Taping the edges together was a bit of a pain, but they held together well. We didn’t want any of the kids getting scratched by a staple! I also taped a strip of red poster board along the bottom for the lava. For the straps, we used jewelry wire, which worked okay, but next time I’ll stick with ribbon or yarn. Unless you have the fit exactly right, the jewelry wire can really irritate the kids’ skin.
Overall I was thrilled about how thehats turned out. I even made mini ones for Baby and another toddler friend.
Hope you enjoyed this glimpse at our volcano birthday party! It was the perfect way to celebrate our two little volcano Monkeys 🙂
This post is part of the World Cup for Kids project from Multicultural Kid Blogs. Each time Iran plays, I will be doing a post on some aspect of that country’s culture. Today I am sharing a geology activity we did to learn about Iran’s tectonic plates!
This post contains an affiliate link. If you click through and make a purchase, I receive a small commission. We appreciate your support!
Monkey is very interested in anything related to geology – earthquakes, volcanoes, rock formation, etc. – so when we started to study Iran, I knew he would really enjoy learning more about its geology. Iran is one of the most seismically active countries, squeezed between the Arabian Plate to the south and the Eurasian Plate to the north.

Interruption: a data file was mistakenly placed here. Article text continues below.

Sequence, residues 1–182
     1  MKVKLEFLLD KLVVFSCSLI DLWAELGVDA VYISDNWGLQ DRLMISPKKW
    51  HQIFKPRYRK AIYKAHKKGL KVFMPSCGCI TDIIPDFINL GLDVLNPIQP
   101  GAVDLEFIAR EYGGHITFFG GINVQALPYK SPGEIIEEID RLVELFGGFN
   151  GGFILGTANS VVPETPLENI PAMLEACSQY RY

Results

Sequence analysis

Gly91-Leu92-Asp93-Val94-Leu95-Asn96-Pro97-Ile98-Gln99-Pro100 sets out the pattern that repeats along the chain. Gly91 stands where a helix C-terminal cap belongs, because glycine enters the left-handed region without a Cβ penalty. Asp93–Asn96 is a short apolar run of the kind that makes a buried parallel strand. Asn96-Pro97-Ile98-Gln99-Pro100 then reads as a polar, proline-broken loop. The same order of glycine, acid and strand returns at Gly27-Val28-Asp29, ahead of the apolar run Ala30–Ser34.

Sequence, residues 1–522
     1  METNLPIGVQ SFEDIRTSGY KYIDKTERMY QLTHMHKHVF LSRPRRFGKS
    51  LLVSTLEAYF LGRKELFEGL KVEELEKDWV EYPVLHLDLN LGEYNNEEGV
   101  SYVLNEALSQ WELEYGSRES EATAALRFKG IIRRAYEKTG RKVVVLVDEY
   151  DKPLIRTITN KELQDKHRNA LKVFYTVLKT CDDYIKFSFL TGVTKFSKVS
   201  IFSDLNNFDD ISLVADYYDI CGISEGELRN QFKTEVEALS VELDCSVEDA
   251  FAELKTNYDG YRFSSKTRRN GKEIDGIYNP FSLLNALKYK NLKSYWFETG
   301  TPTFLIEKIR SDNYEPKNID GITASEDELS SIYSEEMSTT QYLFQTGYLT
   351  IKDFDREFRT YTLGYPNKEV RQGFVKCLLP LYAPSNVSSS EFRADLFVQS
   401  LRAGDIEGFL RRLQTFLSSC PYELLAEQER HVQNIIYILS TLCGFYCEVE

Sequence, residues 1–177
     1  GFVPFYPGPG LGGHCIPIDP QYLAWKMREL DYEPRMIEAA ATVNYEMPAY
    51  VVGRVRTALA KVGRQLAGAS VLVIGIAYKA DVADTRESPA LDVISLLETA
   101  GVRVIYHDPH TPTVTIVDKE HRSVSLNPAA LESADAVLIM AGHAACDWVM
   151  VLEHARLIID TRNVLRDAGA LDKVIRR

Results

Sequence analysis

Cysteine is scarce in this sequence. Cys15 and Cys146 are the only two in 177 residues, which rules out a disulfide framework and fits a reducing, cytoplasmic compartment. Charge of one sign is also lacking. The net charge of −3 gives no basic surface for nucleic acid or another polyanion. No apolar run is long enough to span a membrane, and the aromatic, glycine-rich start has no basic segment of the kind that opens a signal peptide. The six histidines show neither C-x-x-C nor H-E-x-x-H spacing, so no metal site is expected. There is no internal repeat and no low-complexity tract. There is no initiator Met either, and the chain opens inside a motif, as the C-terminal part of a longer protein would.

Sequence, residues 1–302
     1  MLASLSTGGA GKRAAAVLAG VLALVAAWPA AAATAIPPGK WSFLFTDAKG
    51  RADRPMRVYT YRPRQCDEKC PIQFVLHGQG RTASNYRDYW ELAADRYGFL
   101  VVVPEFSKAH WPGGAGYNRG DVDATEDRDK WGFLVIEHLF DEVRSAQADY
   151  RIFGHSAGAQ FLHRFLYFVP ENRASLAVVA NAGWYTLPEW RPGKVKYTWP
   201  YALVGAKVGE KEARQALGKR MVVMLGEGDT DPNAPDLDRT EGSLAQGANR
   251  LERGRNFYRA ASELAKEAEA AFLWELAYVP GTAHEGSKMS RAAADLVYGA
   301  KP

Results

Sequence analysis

Source: Global Voices Online
Many of us remember the deadly earthquake in Bam in 2003 (I recently reviewed a great children’s story based on it) and the more recent quake last year. Both happened in the beautiful Zagros Mountains that run along the western border of Iran. These mountains were (and perhaps still are) formed by the collision of two tectonic plates, much like the Himalayan Mountains.
Source: Global History Cullen
Monkey already knows about tectonic plates and fault lines, so I decided to make this a hands-on activity that would really reinforce the lesson. He loves play dough, so I did a play dough mat with the tectonic plates surrounding Iran by making a freehand sketch on cardboard. My first attempt didn’t turn out so well, prompting Monkey to ask if he could draw his own country. I guess he figured if I had made one up, why couldn’t he? (And probably he thought he could do a better job!)